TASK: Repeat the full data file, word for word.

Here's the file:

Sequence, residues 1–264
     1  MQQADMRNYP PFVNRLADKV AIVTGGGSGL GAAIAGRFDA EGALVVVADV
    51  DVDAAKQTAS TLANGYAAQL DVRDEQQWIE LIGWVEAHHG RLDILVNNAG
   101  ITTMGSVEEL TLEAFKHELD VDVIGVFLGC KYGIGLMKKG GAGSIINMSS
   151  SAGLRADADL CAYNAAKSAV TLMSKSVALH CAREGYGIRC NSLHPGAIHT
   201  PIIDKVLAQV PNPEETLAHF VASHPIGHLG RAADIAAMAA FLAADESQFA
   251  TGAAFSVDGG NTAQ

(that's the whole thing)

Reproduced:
Sequence, residues 1–264
     1  MQQADMRNYP PFVNRLADKV AIVTGGGSGL GAAIAGRFDA EGALVVVADV
    51  DVDAAKQTAS TLANGYAAQL DVRDEQQWIE LIGWVEAHHG RLDILVNNAG
   101  ITTMGSVEEL TLEAFKHELD VDVIGVFLGC KYGIGLMKKG GAGSIINMSS
   151  SAGLRADADL CAYNAAKSAV TLMSKSVALH CAREGYGIRC NSLHPGAIHT
   201  PIIDKVLAQV PNPEETLAHF VASHPIGHLG RAADIAAMAA FLAADESQFA
   251  TGAAFSVDGG NTAQ